Library Tourism – The British Library

Over the summer I spent a weekend in London. It was kind of a last minute thing and I have to say I really enjoyed the trip, even if I was exhausted when we got home again. We got a flight to London City Airport at stupid o’clock and got the tube straight to St. Pancras station. After a double espresso to keep up going we headed to the British Library to do a tour of the library starting at 10.30am.

wpid-20140710_124140.jpgI was a bit skeptical about spending £8 each on a tour, plus I’d been up for half a day and it was only 10.30. But. I was wrong to be skeptical – the tour was fascinating. It was led by a real librarian who was really passionate about his topic and there were only 6 of us in total on the tour. We were all clearly library nerds so I was in good company.

wpid-20140710_123333.jpgThe building itself is a bit underwhelming from the outside, particularly if you compare it to the New York Public Library or our own National Library. But inside it’s quite beautiful. Our guide talked us through the building of the library and the controversies surrounding it, the beautiful King’s Library and we got to have a look at one of the reading rooms from a gallery. We finished the tour in the Treasures of the British Library permanent exhibition.

As a librarian I really enjoyed the tour, but even if you’re not a librarian the exhibitions at the library are worth the trip. So we spent the morning indulging my interests. The afternoon was spent on a brewery tour of Fuller’s Brewery indulging R’s interests.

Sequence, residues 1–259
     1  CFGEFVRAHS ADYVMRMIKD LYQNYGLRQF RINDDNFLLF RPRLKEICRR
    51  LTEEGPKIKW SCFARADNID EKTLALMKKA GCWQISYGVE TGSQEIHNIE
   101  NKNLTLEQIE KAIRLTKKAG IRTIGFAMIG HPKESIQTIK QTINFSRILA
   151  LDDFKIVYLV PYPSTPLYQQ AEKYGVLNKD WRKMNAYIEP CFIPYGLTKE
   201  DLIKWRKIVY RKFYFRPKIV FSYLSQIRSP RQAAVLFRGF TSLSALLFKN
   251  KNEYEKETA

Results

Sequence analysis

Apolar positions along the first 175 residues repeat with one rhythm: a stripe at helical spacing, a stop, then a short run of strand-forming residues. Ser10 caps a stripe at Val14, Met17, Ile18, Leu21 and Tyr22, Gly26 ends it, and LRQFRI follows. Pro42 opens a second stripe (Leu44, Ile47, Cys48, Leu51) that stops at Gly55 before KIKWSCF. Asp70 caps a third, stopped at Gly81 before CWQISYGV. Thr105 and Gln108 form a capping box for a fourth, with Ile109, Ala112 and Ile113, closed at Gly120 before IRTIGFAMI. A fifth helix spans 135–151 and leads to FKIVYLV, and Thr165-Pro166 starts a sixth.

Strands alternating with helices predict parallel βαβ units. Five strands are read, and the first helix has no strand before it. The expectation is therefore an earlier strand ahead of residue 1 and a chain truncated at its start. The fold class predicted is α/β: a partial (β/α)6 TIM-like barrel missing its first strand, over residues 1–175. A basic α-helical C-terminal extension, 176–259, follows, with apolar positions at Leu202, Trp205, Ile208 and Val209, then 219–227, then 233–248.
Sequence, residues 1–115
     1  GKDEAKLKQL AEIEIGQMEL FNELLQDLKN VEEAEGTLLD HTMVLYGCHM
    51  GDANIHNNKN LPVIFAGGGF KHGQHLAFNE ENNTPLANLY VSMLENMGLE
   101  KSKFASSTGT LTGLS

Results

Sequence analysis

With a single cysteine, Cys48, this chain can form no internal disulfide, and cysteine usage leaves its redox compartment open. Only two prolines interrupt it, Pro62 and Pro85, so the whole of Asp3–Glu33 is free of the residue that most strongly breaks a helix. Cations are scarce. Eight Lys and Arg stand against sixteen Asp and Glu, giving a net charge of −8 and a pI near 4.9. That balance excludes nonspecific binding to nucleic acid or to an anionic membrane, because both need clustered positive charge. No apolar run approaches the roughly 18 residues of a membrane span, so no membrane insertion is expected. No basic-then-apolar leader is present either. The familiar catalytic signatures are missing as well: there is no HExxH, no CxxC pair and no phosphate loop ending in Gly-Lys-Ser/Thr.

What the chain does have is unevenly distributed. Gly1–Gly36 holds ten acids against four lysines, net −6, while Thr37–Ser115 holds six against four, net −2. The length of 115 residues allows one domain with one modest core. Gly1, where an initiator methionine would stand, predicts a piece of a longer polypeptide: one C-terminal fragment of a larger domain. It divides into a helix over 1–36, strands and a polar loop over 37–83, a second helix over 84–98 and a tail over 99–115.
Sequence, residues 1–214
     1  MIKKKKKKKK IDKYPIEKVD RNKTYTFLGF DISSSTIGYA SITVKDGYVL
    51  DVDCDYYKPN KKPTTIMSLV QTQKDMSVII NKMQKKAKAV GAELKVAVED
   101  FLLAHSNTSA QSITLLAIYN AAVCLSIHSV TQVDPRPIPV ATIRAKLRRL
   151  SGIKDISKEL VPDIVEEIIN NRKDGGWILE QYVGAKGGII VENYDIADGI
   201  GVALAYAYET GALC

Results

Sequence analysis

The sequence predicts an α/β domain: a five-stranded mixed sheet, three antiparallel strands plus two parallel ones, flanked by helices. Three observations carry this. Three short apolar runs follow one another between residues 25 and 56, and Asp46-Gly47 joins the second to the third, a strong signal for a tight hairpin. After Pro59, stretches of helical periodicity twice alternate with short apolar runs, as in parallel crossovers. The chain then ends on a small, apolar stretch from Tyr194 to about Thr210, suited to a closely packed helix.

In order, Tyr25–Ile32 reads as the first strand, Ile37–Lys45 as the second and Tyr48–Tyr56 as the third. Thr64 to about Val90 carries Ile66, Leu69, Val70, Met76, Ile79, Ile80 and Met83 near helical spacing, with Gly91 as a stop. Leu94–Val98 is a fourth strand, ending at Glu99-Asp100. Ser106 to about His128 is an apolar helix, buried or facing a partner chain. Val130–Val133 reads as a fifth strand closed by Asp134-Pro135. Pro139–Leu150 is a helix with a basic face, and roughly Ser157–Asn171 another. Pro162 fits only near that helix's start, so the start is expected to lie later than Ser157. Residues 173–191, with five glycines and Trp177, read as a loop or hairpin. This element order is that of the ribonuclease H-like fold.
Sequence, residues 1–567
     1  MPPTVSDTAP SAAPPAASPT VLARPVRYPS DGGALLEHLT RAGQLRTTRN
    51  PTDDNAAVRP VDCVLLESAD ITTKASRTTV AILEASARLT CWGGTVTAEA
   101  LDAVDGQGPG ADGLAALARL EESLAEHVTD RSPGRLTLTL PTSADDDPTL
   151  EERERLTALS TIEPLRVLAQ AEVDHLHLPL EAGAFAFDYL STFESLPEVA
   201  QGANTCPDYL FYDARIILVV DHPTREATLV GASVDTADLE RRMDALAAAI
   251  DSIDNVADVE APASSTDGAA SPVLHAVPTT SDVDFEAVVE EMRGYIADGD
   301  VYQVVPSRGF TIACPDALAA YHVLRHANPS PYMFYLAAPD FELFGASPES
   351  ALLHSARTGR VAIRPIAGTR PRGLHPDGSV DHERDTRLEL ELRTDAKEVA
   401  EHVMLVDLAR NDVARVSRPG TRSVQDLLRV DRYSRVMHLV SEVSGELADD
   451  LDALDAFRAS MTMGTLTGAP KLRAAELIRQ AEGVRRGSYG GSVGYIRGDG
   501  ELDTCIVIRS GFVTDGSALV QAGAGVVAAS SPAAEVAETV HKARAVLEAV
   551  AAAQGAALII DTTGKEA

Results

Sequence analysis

Stitch marker tutorial

Stitch markers 125Before I started knitting I used to make jewellery. Pretty rudimentary stuff – nothing complicated. In the same way that I love the colours and textures of yarn, I love the colours and textures of beads too and amassed a small-ish stash. In a recent post I shared photos of my stitch markers.

Stitch markers 161These stitch markers are really straight forward to make and give you pretty much instant gratification. Above you can see how I set up my work station (coffee table) before getting started. Clockwise from top left I have my crimping pliers, a selection of beads that I want to use, tigertail wire, a bowl for the finished markers, a bowl for the ends to be discarded and a wire cutter, which in this case is a flat nosed pliers with a wire cutter.

I actually bought the tigertail wire a few years ago without realising what it was, but I really like it for these stitch markers because it is really flexible but doesn’t kink easily.

Stitch markers 165